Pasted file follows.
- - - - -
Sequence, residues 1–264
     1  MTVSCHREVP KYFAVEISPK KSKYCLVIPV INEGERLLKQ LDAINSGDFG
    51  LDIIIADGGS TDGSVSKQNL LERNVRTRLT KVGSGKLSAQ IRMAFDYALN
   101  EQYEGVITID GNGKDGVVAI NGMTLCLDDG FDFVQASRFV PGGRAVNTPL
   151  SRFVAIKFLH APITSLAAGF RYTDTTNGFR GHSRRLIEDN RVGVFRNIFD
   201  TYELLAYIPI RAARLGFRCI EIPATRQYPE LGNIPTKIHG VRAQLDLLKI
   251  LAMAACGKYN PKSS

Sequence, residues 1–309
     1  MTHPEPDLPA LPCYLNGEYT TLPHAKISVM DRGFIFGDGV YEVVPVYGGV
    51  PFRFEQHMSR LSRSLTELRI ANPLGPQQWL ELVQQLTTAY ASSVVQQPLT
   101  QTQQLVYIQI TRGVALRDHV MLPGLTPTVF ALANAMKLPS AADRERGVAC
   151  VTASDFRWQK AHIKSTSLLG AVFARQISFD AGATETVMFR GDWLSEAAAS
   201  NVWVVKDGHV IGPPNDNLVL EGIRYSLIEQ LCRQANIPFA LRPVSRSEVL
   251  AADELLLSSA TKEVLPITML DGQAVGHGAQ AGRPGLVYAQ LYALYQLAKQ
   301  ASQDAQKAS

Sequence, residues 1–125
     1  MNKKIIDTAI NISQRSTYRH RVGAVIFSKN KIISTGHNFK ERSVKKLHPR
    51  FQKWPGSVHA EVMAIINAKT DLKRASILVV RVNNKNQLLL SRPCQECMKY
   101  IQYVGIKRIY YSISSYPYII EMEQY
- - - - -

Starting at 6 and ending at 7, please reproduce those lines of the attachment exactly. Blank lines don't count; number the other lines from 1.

   201  TYELLAYIPI RAARLGFRCI EIPATRQYPE LGNIPTKIHG VRAQLDLLKI
   251  LAMAACGKYN PKSS